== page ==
Returning to FIG. 3A, at P308, for the particular set of plasma processing parameters and backflow gas pressure and average DC clamping voltage values selected, the RF impedances are calculated based upon measurements taken at the one or more modulation frequencies fmod. FIG. 5 illustrates a resulting RF impedance spectrum near a single modulation frequency fmod. As illustrated in FIG. 5, a peak appears at the modulation frequency, fmod, which is very highly correlated to the gas gap thickness based upon the gas gap oscillation at the fmod frequency. As such, a measurable feature is generated in the RF impedance spectrum of FIG. 5 that depends on other parameters in the plasma processing system far less than in the previously described embodiment.

At P310 of FIG. 3A, the wafer temperature is measured directly by in-situ wafer temperature measurement system 122. The temperature measurement is supplied to the wafer temperature control system 128 as input at 134. The RF impedance calculated at P308 is correlated to the wafer temperature measurements to obtain a relationship between RF impedance and temperature at the selected gas gap pressure and average DC clamping voltage values and for the particular processing parameters used in the experimental run.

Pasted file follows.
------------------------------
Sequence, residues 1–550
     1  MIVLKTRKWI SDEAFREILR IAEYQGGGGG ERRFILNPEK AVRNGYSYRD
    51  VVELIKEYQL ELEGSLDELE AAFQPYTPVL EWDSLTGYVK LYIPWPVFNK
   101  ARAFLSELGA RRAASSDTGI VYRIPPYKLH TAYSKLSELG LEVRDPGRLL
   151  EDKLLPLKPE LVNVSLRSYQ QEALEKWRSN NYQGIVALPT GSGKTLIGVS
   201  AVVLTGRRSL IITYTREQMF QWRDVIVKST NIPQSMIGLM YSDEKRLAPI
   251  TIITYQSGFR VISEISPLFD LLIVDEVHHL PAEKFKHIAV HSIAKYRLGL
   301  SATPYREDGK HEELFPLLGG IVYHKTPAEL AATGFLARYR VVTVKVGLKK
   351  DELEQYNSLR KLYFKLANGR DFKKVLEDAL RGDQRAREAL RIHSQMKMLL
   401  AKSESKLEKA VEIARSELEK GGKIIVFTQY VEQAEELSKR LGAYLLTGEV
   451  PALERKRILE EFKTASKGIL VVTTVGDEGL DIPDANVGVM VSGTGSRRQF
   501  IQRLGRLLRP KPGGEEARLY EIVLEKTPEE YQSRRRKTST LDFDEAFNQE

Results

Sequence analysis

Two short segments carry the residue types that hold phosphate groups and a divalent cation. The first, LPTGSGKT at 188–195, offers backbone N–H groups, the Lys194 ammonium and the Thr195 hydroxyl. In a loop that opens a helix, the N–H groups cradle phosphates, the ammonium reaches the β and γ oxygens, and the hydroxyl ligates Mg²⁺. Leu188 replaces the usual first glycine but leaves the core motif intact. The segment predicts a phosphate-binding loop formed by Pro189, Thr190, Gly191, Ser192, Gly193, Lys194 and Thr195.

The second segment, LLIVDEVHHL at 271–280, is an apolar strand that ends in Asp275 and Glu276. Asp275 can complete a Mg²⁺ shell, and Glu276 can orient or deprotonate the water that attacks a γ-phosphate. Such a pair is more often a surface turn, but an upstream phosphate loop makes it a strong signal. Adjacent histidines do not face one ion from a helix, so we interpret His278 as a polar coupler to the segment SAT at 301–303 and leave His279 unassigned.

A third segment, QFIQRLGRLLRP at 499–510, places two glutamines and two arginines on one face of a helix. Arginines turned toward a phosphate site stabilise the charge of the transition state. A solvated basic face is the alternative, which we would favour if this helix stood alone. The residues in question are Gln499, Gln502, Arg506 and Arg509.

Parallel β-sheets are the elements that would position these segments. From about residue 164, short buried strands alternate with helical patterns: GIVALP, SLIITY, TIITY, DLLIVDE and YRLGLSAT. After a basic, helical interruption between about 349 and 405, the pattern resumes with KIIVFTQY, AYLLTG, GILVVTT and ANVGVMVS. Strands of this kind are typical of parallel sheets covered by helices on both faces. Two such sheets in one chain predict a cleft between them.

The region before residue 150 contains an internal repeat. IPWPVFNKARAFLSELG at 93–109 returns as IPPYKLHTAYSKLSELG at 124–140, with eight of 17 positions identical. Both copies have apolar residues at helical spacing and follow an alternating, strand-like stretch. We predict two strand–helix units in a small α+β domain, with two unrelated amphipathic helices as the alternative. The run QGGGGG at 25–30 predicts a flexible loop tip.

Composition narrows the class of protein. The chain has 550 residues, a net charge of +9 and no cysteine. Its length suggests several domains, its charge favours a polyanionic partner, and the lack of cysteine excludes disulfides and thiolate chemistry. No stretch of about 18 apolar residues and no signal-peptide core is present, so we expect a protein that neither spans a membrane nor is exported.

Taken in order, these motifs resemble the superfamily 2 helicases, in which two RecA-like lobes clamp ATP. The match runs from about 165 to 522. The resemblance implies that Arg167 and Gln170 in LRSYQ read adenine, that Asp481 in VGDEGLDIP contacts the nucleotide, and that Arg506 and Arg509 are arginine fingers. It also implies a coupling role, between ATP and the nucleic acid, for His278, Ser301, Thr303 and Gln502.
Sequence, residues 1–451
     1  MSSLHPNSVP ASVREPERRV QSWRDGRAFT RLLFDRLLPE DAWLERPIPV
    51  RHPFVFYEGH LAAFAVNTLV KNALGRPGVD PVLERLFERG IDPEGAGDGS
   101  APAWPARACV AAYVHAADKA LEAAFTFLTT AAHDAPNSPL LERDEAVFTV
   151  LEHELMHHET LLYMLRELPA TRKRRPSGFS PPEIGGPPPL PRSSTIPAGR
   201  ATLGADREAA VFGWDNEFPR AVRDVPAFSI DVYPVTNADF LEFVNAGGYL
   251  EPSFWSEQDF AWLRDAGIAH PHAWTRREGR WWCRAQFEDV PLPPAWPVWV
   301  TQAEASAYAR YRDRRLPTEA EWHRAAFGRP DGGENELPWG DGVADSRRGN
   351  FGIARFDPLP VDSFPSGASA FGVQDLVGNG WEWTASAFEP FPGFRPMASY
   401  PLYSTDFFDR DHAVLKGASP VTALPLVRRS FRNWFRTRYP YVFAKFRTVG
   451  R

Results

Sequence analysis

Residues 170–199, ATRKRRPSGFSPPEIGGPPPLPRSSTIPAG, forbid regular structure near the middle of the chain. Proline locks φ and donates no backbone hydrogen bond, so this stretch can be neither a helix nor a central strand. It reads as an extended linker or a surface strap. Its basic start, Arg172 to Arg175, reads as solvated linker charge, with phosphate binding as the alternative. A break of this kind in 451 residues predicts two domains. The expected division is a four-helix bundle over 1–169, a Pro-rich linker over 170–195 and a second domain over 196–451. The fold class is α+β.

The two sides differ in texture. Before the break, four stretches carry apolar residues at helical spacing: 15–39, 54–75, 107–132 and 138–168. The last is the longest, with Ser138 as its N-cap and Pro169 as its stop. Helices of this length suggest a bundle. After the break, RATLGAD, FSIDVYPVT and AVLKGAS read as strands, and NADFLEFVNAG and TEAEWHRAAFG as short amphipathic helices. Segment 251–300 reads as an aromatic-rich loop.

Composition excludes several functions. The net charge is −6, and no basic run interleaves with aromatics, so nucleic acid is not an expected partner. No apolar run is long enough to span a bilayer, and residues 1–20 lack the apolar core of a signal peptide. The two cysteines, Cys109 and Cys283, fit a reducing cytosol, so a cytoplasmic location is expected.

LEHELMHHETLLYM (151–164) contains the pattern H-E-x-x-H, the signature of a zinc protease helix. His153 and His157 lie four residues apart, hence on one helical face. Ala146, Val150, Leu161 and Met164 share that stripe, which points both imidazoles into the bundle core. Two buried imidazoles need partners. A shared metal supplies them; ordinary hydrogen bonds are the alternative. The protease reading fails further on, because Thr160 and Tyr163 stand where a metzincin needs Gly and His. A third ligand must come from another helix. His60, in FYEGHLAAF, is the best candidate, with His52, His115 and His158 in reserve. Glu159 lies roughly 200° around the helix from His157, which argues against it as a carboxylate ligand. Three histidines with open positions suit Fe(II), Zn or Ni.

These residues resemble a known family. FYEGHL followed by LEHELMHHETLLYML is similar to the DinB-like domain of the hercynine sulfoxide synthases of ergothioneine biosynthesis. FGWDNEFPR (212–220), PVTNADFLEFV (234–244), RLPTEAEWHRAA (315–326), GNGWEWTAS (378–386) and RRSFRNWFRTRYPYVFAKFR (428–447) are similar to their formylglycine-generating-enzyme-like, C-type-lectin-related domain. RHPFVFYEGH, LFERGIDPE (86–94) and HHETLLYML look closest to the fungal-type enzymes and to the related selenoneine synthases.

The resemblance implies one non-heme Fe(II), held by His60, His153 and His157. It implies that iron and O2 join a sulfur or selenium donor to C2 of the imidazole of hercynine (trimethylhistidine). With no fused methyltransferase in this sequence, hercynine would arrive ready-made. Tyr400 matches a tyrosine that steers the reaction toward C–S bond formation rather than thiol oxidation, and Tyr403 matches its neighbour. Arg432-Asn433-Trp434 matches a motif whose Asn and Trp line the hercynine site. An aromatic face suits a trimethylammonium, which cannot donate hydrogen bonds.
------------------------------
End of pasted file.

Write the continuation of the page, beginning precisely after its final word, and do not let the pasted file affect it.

At P312, it is determined whether there is any remaining set of backflow gas pressure and average DC clamping voltage that need to be set for measurements. If yes, then the process returns to P305 where a new pair of backflow gas pressure and average DC voltage is selected. If no further combinations of backflow gas pressure and average DC clamping voltage are left, then the process continues to P314.